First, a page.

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Month: October 2020

Oct. 25 Field Trip

When: Sunday, Oct. 25, 2020

Where: Mount Tzouhalem 

Directions: Meet at Helmcken Park & Ride at 9 am. Carpooling optional/personal decision; masks must be worn if/while carpooling, social distancing mandatory throughout the field trip.

What will I be collecting? East of Duncan lies Mount Tzouhalem, a high point of land that overlooks Cowichan Bay. Much of the mountain is forested, and some of it is protected by an ecological reserve, but the northern side of the mountain has been subdivided and has many residential properties. At the top of the mountain an enormous area was cleared and landscaped to become a golf course, but the failure of the development means that the part of the hill is now being turned into housing as well. Fossils at this locality are characteristic of the older part of the Haslam Formation, including the typical ammonites heteromorphs (Haeuriceras, Eupachydiscus, and the heteromorphs Eubostrychoceras and Glyptoxoceras), and a wide variety of clams and snails. Along with the more standard fare, the exposures here have yielded some rarities, such as the crinoid Uintacrinus and the spiny ammonite Urakawites, which are unknown from most other Haslam localities. Preservation of shell is typically black in colour.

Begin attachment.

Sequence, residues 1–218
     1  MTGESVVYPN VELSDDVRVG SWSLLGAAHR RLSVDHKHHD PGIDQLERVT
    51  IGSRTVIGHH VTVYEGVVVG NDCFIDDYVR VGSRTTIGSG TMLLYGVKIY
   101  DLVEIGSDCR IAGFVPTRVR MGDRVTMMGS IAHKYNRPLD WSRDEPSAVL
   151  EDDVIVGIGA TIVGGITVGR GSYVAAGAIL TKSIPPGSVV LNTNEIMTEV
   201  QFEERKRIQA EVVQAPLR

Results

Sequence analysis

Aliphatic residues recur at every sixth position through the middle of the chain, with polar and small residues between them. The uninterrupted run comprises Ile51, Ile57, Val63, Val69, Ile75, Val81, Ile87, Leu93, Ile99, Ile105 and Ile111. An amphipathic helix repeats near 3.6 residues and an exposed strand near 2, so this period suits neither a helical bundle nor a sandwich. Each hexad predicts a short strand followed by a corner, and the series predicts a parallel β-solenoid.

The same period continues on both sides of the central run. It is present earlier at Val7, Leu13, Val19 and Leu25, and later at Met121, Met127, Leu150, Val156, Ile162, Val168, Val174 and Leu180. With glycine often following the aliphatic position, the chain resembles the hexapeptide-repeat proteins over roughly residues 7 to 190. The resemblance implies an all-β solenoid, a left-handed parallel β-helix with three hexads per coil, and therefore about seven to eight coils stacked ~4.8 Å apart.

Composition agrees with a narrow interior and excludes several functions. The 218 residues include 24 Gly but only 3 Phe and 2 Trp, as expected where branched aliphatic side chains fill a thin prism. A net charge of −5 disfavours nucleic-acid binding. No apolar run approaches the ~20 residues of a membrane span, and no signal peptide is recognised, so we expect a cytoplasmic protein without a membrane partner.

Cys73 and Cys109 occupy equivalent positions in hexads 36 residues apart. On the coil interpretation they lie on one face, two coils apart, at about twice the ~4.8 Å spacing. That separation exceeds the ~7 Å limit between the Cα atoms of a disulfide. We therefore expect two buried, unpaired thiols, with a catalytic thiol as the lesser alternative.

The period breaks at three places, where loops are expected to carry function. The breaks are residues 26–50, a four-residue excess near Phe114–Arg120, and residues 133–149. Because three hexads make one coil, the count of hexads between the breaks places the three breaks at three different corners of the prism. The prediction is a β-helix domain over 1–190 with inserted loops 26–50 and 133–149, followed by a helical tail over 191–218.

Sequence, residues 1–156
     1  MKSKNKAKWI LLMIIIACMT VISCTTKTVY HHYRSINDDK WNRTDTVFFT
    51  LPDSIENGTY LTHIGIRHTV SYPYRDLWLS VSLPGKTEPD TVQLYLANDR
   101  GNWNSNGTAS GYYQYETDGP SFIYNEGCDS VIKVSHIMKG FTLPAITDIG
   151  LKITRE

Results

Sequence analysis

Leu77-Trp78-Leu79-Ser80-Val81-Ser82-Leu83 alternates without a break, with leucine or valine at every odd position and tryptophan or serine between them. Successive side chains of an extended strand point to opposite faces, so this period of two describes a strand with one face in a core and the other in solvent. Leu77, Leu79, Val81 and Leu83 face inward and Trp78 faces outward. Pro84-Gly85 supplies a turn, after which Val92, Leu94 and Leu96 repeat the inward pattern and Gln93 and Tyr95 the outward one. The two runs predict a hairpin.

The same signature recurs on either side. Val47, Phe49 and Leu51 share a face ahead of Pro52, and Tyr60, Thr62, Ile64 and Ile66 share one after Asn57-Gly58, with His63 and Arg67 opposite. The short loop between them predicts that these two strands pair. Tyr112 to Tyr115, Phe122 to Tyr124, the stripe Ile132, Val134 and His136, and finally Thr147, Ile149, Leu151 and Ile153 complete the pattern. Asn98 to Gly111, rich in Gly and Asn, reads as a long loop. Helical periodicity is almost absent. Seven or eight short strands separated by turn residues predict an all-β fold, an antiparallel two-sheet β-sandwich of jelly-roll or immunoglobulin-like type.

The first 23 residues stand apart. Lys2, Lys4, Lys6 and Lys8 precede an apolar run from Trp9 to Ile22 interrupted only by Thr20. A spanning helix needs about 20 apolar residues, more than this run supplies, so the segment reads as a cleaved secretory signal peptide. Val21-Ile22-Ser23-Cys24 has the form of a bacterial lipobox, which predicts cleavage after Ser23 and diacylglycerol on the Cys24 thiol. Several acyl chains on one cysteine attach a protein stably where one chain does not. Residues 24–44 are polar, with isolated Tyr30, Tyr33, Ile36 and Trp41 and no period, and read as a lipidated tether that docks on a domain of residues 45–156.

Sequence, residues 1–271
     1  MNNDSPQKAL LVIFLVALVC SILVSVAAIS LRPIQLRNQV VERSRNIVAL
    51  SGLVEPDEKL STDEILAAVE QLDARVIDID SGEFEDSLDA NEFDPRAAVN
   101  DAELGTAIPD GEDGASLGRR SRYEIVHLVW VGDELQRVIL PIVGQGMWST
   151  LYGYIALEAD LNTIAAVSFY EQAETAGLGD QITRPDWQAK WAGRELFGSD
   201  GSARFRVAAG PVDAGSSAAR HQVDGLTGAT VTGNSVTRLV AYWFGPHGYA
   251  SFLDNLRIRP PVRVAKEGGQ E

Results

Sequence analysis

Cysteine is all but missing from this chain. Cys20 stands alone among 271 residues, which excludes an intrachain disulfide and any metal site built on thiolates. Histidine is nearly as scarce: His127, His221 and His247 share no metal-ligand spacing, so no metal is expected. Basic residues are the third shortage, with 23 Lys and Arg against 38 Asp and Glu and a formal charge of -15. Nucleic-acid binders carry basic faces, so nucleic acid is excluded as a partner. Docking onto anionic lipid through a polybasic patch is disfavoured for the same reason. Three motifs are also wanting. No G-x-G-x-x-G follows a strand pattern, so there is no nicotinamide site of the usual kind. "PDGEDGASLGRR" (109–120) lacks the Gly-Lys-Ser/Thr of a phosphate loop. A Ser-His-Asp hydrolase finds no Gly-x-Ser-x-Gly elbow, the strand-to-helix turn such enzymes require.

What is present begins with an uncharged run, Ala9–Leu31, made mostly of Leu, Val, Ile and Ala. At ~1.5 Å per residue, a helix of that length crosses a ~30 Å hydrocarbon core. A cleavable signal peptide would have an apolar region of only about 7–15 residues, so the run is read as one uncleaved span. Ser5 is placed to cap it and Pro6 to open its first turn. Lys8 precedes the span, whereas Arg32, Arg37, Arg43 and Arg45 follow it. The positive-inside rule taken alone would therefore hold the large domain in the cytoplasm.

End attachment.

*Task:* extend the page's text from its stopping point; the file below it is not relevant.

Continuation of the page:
What should I expect? Access to Mount Tzouhalem is good, we can drive to within a few minutes’ walk of the best exposures, but because it is a hillside you should expect to ascend and descend slopes with some significant elevation gain. We will be targeting large piles of boulders created on a few locations on the hillside (because this tends to be where erosion takes place), so you could also be walking on slightly uneven footing. Because there is just so much of the mountain to explore, everyone should be able to find an area to suit them, and for this reason I can recommend Mount Tzouhalem to collectors of all ages and activity levels. Fossils are found in the rock and concretions, so a good hammer or sledge, chisel, and protective eyewear are required. Be aware that this is the site of a former excavation, so you should expect to be walking on rocks and boulders that can be slippery and treacherous.

Why should I come on this field trip? Fossils are not especially common on Mount Tzouhalem, either in the rock or in concretions, but because there is just so much rock exposed here we usually have some finds. The VicPS has been collecting on Mount Tzouhalem for several years, and with excavations no longer occurring there we may not find as much fresh rock as we used to, but there are still many fossils to be found. The diversity of the Cretaceous fauna at this locality, the chance to find a rare or unusual fossil, and the beautiful views of the Cowichan Valley always make Mount Tzouhalem an attractive choice for fall and winter collecting.

Contact: RSVP Jerri Wilkins via the VicPS Facebook page or via email.

Residential building activities present opportunities at Mount Tzouhalem in 2017. Image courtesy Jerri Wilkins.